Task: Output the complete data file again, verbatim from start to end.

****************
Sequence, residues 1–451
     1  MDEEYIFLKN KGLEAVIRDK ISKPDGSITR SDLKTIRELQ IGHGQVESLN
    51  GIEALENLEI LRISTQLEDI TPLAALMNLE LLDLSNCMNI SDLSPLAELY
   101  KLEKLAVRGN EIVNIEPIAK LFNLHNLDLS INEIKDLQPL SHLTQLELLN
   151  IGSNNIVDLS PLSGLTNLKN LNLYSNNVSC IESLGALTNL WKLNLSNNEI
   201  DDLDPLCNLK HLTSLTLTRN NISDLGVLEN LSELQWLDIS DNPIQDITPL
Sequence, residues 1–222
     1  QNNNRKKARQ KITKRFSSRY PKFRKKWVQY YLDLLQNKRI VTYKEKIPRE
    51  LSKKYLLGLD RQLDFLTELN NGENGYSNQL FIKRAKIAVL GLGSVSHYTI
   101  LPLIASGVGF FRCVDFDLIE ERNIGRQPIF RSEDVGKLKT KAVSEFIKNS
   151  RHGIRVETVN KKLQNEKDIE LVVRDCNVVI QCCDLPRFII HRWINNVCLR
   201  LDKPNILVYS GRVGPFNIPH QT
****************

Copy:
Sequence, residues 1–451
     1  MDEEYIFLKN KGLEAVIRDK ISKPDGSITR SDLKTIRELQ IGHGQVESLN
    51  GIEALENLEI LRISTQLEDI TPLAALMNLE LLDLSNCMNI SDLSPLAELY
   101  KLEKLAVRGN EIVNIEPIAK LFNLHNLDLS INEIKDLQPL SHLTQLELLN
   151  IGSNNIVDLS PLSGLTNLKN LNLYSNNVSC IESLGALTNL WKLNLSNNEI
   201  DDLDPLCNLK HLTSLTLTRN NISDLGVLEN LSELQWLDIS DNPIQDITPL
Sequence, residues 1–222
     1  QNNNRKKARQ KITKRFSSRY PKFRKKWVQY YLDLLQNKRI VTYKEKIPRE
    51  LSKKYLLGLD RQLDFLTELN NGENGYSNQL FIKRAKIAVL GLGSVSHYTI
   101  LPLIASGVGF FRCVDFDLIE ERNIGRQPIF RSEDVGKLKT KAVSEFIKNS
   151  RHGIRVETVN KKLQNEKDIE LVVRDCNVVI QCCDLPRFII HRWINNVCLR
   201  LDKPNILVYS GRVGPFNIPH QT